SCIPA Full-On: A Randomized Controlled Trial Comparing Intensive Whole-Body Exercise and Upper Body Exercise After Spinal Cord Injury
MP Galea, SA Dunlop, T Geraghty, GM Davis, A Nunn, L Olenko
Background: While upper body training has been effective for improving aerobic fitness and muscle strength after spinal cord injury (SCI), activity-based therapies intended to activate the paralyzed extremities have been reported to promote neurological improvement.
Objective: To compare the effectiveness of intensive whole-body exercise compared with upper body exercise for people with chronic SCI. Methods. A parallel-group randomized controlled trial was conducted. Participants with a range of SCI levels and severity were randomized to either full-body exercise (FBE) or upper body exercise (UBE) groups (3 sessions per week over 12 weeks). FBE participants underwent locomotor training, functional electrical stimulation-assisted leg cycling, and trunk and lower extremity exercises, while UBE participants undertook upper body strength and aerobic fitness training only. The primary outcome measure was the American Spinal Injury Association (ASIA) motor score for upper and lower extremities. Adverse events were systematically recorded.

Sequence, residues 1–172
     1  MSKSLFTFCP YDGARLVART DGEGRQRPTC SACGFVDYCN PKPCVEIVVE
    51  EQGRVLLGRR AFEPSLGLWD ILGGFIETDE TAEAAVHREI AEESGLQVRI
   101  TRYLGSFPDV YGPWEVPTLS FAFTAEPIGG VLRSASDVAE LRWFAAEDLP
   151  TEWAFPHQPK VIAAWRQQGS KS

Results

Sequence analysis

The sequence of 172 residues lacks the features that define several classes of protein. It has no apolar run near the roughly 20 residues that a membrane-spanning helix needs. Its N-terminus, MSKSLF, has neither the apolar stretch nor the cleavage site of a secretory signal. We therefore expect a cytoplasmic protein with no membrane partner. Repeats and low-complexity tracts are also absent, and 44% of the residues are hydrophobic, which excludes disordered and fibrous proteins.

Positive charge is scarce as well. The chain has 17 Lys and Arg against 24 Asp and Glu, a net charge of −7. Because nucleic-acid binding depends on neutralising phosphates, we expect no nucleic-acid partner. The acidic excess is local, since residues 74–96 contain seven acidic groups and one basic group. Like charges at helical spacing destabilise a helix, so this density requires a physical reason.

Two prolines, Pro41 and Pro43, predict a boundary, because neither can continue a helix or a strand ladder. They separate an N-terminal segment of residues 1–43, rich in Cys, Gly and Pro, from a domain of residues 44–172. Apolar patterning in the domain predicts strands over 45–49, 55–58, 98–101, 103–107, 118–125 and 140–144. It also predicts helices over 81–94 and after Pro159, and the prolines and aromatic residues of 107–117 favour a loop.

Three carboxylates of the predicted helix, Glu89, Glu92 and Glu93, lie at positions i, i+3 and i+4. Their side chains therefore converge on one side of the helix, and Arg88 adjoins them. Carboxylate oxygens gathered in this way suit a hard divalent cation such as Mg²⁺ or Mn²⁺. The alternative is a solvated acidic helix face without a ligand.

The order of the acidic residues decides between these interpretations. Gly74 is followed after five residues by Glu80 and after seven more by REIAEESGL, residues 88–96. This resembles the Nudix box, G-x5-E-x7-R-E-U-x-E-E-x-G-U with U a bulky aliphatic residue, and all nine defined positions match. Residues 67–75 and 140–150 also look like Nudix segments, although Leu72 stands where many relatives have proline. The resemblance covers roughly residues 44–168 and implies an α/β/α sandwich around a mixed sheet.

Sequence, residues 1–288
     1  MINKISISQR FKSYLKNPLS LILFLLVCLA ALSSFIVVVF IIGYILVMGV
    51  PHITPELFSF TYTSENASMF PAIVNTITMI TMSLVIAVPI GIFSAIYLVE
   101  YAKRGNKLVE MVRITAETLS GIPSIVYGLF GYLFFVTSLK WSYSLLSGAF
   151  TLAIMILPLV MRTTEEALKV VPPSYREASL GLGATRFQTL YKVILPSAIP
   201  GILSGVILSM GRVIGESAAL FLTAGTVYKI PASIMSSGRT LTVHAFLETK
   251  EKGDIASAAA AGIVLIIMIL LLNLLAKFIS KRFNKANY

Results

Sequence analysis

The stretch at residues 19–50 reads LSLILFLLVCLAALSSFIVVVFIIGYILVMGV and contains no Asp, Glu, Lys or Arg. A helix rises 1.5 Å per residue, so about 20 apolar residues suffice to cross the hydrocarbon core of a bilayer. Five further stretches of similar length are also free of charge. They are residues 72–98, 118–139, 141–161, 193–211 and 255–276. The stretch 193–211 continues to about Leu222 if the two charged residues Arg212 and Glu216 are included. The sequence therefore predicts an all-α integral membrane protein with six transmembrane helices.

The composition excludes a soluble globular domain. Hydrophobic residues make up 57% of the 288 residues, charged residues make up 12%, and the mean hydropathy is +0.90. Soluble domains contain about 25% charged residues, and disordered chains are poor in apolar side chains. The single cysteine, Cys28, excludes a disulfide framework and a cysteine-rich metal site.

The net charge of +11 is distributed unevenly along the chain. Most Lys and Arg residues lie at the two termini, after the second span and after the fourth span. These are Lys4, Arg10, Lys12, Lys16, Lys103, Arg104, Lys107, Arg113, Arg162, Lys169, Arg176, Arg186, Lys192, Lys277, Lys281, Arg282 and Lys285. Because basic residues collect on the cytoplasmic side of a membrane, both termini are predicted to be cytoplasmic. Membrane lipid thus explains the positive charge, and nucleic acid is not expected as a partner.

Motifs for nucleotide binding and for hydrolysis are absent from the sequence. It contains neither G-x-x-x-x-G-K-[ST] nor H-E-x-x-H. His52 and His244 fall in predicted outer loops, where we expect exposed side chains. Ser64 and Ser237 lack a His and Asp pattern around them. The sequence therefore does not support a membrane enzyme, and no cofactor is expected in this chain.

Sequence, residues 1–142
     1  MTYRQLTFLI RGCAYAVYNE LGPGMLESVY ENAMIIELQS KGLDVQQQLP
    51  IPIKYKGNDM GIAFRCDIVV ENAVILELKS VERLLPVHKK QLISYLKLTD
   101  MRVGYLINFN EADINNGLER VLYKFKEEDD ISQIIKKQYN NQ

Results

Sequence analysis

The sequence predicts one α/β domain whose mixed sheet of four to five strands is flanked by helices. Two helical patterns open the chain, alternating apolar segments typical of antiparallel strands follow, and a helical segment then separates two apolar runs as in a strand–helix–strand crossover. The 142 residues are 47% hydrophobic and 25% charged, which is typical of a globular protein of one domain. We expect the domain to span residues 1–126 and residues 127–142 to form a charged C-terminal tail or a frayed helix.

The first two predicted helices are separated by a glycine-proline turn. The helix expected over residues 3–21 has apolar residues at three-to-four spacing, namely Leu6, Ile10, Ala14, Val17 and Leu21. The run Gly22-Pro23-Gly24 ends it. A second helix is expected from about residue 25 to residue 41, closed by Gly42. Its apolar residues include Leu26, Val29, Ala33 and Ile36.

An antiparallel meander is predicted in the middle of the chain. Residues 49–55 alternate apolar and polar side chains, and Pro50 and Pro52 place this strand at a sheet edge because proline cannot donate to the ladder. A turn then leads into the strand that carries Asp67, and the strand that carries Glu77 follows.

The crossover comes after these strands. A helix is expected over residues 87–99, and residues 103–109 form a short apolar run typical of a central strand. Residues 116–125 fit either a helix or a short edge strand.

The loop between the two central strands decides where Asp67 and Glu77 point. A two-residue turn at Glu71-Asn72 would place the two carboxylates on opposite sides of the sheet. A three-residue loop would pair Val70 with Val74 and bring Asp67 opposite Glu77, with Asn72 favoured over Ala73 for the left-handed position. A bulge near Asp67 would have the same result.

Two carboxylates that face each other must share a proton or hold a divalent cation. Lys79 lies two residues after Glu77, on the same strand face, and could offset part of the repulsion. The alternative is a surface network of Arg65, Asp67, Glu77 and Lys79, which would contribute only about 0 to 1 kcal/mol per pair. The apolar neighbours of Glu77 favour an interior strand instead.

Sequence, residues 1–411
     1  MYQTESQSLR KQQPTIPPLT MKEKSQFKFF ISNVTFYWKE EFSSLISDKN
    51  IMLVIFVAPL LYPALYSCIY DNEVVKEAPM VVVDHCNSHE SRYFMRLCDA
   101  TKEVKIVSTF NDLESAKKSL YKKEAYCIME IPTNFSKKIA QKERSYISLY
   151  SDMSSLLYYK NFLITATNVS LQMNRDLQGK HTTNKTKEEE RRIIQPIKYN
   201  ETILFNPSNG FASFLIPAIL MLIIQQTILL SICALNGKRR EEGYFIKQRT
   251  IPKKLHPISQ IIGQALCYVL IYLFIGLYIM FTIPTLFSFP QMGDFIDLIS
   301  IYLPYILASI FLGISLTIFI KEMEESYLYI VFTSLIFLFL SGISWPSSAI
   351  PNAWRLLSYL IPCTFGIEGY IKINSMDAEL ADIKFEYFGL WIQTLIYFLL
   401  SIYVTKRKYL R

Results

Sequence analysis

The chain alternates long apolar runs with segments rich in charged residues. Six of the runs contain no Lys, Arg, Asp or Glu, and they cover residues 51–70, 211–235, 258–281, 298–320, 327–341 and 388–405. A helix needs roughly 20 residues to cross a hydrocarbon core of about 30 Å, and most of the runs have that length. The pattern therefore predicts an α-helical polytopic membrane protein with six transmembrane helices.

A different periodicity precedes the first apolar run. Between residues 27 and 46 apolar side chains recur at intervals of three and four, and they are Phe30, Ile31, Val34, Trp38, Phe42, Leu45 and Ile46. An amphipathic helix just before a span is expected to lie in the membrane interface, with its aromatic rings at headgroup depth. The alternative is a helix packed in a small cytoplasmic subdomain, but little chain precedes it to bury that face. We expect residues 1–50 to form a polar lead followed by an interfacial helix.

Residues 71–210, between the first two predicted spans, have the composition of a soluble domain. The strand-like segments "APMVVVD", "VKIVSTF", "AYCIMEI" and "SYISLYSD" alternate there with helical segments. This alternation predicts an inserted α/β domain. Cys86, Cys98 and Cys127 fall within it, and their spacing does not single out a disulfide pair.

Results: A total of 116 participants were enrolled and included in the primary analysis. The adjusted mean between-group difference was −0.04 (95% CI −1.12 to 1.04) for upper extremity motor scores, and 0.90 (95% CI −0.48 to 2.27) for lower extremity motor scores. There were 15 serious adverse events in UBE and 16 in FBE, but only one of these was definitely related to the experimental intervention (bilateral femoral condyle and tibial plateau subchondral fractures). No significant between-group difference was found for adverse events, or functional or behavioral variables.
Conclusions: Full-body training did not lead to improved ASIA motor scores compared with upper body training in people with chronic SCI.